Roger Federer has said that the blame for his second round loss to Tommy Haas at the Mercedes Cup lies solely with him after he let go of a one-set and match-point advantage.
The Swiss ace returned to action after a ten-week break in Stuttgart as he began preparations for the grass court swing of the season. After winning the Australian Open at the start of the campaign, Federer made it clear that Wimbledon was his next goal. He now says that it was not the start he was expecting.
The 35-year-old lost 2-6 7-6 6-4 to the world number 307 despite being a set up and holding match point in the second set tie-break. It has been 15 years since Federer lost his first match coming into the grass court season and it is only his second loss of 2017 with his only other loss coming against Evgeny Donskoy in the second round of the Dubai Tennis Championships. He has otherwise won three of the five tournaments he has played thus far this year.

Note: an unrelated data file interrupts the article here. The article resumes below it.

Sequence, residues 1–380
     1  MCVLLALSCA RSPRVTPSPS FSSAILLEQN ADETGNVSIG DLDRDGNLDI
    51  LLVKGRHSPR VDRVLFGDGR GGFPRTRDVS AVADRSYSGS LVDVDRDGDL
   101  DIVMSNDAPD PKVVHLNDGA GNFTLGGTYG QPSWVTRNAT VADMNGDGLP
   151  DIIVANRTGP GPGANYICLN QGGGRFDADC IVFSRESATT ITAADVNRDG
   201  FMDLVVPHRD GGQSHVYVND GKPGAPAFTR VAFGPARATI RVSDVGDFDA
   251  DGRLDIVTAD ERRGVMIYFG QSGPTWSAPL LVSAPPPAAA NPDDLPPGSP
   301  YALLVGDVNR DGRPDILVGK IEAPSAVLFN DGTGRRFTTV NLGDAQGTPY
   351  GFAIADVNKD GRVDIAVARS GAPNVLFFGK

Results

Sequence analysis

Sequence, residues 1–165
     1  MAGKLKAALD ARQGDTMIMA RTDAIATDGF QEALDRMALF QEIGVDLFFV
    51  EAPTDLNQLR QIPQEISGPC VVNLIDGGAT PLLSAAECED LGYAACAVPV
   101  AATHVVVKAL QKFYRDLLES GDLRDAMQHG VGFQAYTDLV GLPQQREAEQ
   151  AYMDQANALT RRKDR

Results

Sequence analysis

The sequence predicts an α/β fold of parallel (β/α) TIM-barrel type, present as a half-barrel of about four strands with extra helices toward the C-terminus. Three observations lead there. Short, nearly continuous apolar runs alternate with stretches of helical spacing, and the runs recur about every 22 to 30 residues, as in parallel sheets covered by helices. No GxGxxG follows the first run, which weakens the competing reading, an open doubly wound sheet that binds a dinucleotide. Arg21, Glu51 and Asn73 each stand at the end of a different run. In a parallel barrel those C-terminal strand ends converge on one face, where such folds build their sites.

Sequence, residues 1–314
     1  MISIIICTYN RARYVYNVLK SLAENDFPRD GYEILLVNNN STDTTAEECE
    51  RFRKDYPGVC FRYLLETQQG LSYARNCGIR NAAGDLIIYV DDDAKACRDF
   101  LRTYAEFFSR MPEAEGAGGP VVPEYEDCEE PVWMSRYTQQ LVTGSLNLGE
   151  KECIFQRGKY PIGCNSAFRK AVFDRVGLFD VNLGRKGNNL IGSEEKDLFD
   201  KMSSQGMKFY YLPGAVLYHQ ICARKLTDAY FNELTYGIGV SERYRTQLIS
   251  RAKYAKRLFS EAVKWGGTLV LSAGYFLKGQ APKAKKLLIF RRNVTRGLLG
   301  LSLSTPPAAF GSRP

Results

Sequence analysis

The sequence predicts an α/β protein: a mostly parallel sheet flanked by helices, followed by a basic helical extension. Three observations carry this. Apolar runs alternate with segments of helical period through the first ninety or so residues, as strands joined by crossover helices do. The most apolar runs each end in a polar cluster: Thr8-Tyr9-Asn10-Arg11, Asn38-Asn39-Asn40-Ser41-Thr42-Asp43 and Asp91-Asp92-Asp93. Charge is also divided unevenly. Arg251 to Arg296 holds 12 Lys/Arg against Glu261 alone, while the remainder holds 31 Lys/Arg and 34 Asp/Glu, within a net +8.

Federer will next be seen at the Gerry Weber Open – a tournament he has won eight times - in Halle starting on 19 June and he will look to get his preparations for an assault on the Wimbledon title back on track.
"Coming here and losing in the semis last year, now the opening round this year, it's not what I was hoping to do. Especially on grass courts, close to home, in Germany, which has been a good hunting ground for me. It's not good enough," Federer said, as quoted on the ATP's official site. "If you don't take your chances like I didn't, leading a set and a break, you really only have yourself to blame at the end."
"I would have liked to stay here longer and given myself the best possible chance to win the tournament, so that's a letdown. I really enjoy my time here in Stuttgart.
"It wasn't all bad, not at all. There were definitely some good moments, but I definitely was not as sharp as I was hoping to be in the big moments, or the moment when I had the lead and feel I should have been cruising. I definitely made some crucial mistakes and judgment errors," the Swiss ace explained.
"It gives me more time for Halle. As a positive thinker, that's what I see. I've been on grass for over two weeks... It's good to play a match again. I really feel the body. It feels different right now than it does after practice. It just makes you tired. There are some positives to take away. It will give me good preparation going into Halle and then Wimbledon is soon."